Do you want to learn about the future of web applications? If so, when choosing an event, you might want to make sure it's one that cares about including speakers based on merit, instead of based on arbitrary gender qualifications. I judge merit to be those who meet these criteria:
1. They've already been successful
2. They have done something innovative and unique
3. They are well-known names who will draw an audience and make the event compelling
4. Their work impacts a large audience, or has great influence on the space
Caveats: This list took about 15 minutes for me to make, and I had a little bit of help from Caterina. It's also skewed towards women whom I know well or whom I have already seen speak. But in 15 minutes, I was able to construct a set of theoretical sessions that you won't see at events that specifically exclude women, or that make sure not to reach out to them.
- danah boyd: The younger generation of web users have different definitions of "public" and "private" than you do.
- Mitchell Baker: How to take something from being an interesting technology to being a mainstream tool
- Caterina Fake: How to get things done even within the constraints of a big company
- Mena Trott: How to design an application that delights its users, instead of confounding them
- Liza Sabater: Your project won't succeed unless you reach people who are different from you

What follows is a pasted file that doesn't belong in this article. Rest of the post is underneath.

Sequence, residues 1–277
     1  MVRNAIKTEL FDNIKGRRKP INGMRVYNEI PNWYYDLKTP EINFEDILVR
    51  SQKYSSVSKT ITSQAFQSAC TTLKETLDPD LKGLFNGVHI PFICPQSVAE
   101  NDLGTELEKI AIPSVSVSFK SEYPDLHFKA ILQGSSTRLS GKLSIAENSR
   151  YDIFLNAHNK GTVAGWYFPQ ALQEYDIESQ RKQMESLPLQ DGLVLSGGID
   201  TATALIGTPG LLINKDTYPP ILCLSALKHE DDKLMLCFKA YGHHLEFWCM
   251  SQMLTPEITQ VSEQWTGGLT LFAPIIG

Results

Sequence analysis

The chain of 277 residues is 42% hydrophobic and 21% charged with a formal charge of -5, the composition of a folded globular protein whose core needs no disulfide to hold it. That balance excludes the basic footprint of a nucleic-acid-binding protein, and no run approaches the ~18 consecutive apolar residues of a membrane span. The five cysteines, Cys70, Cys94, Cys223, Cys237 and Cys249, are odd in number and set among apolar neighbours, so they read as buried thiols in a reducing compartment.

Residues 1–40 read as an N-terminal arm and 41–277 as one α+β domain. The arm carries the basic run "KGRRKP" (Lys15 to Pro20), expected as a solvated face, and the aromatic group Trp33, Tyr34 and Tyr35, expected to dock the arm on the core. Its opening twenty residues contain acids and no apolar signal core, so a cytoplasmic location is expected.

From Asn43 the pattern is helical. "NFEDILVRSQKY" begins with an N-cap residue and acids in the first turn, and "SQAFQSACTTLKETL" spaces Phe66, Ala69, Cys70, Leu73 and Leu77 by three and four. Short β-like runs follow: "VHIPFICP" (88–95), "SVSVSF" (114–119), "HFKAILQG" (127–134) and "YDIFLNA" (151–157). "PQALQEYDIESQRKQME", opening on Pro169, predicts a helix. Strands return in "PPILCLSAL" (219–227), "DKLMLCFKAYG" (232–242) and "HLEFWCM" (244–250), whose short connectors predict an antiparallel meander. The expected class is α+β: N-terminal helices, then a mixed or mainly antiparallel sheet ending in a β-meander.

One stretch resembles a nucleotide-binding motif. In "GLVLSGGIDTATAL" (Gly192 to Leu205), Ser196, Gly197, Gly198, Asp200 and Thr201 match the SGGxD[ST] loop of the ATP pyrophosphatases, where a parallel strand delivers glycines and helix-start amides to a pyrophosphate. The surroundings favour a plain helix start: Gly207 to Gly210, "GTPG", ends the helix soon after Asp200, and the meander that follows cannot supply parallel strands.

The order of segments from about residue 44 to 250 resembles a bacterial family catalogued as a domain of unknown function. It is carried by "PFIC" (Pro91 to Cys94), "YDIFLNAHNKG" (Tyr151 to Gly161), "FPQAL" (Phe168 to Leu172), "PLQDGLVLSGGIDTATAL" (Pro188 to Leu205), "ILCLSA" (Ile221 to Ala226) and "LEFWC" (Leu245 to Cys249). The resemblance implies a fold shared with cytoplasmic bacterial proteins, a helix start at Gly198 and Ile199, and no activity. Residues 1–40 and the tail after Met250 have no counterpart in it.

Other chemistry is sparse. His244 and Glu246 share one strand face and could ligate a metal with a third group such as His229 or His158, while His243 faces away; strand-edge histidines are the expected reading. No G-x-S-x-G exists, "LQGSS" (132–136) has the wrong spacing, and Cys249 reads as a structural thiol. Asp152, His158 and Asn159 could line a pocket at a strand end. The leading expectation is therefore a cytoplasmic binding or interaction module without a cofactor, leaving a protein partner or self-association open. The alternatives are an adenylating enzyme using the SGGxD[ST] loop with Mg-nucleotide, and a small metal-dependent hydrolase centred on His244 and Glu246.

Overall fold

- Amy Jo Kim: How best practices from game design can make your web applications like crack
- Linda Stone:What we will be paying attention to in the future
- Kathy Sierra: How to design products that make your users smarter, sexier and hungry for more
- Heather Armstrong, Meg Frost, and Gina Trapani: One person can be a successful media outlet
- Lynne Johnson: How to credibly bring new media to an old-media company
- Jane Pinckard: Anybody with half a brain could have seen that the Wii was going to win, but you were busy bickering about the Cell processor
- Meg Hourihan: A real mashup: How to combine technology with something you love
- Heather Champ: How to manage a web community shitstorm with grace and tact
- Susannah Fox: You talk about "accessibility", but what do you know about people who are sick, old, or disabled?
- LeeAnn Prescott: Everybody talks about traffic and stats -- what about someone with actual data?
- Charlene Li: What are the criteria by which real-world analysts create their make-or-break analyses?
I could go on and on, but I know the obvious question: Where are the men? Well, don't worry -- the door is open to them. As soon as one of you has done something with the impact of Flickr, something that has the number of users of Firefox, made something that's used by the elderly or the young or by someone different than you, you can participate. Hell, if you make something that makes half as many people smile as Heather, Meg, and Gina's work does, you can send along a proposal to our imaginary event.
To conference organizers: If you haven't heard of these people or their work, or you think that Yet Another Bookmarking To-Do List Guy is more important, perhaps you owe some refunds. At this event, nobody would even notice if the wifi went out.
- See also: The Old Boys' Club is for Losers